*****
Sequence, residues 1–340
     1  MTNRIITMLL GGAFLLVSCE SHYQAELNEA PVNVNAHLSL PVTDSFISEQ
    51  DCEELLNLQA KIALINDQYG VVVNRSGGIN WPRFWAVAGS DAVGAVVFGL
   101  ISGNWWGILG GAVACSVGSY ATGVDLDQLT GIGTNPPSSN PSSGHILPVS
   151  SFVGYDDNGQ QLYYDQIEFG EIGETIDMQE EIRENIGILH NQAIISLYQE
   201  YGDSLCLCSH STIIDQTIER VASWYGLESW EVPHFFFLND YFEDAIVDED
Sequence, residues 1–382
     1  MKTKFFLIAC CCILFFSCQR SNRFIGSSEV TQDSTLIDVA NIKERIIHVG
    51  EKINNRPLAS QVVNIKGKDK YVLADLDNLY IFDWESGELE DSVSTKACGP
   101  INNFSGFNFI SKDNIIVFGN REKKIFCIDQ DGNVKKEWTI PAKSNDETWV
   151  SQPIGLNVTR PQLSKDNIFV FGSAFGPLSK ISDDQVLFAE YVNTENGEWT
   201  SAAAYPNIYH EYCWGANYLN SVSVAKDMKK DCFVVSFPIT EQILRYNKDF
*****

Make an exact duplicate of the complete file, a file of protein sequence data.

Sequence, residues 1–340
     1  MTNRIITMLL GGAFLLVSCE SHYQAELNEA PVNVNAHLSL PVTDSFISEQ
    51  DCEELLNLQA KIALINDQYG VVVNRSGGIN WPRFWAVAGS DAVGAVVFGL
   101  ISGNWWGILG GAVACSVGSY ATGVDLDQLT GIGTNPPSSN PSSGHILPVS
   151  SFVGYDDNGQ QLYYDQIEFG EIGETIDMQE EIRENIGILH NQAIISLYQE
   201  YGDSLCLCSH STIIDQTIER VASWYGLESW EVPHFFFLND YFEDAIVDED
Sequence, residues 1–382
     1  MKTKFFLIAC CCILFFSCQR SNRFIGSSEV TQDSTLIDVA NIKERIIHVG
    51  EKINNRPLAS QVVNIKGKDK YVLADLDNLY IFDWESGELE DSVSTKACGP
   101  INNFSGFNFI SKDNIIVFGN REKKIFCIDQ DGNVKKEWTI PAKSNDETWV
   151  SQPIGLNVTR PQLSKDNIFV FGSAFGPLSK ISDDQVLFAE YVNTENGEWT
   201  SAAAYPNIYH EYCWGANYLN SVSVAKDMKK DCFVVSFPIT EQILRYNKDF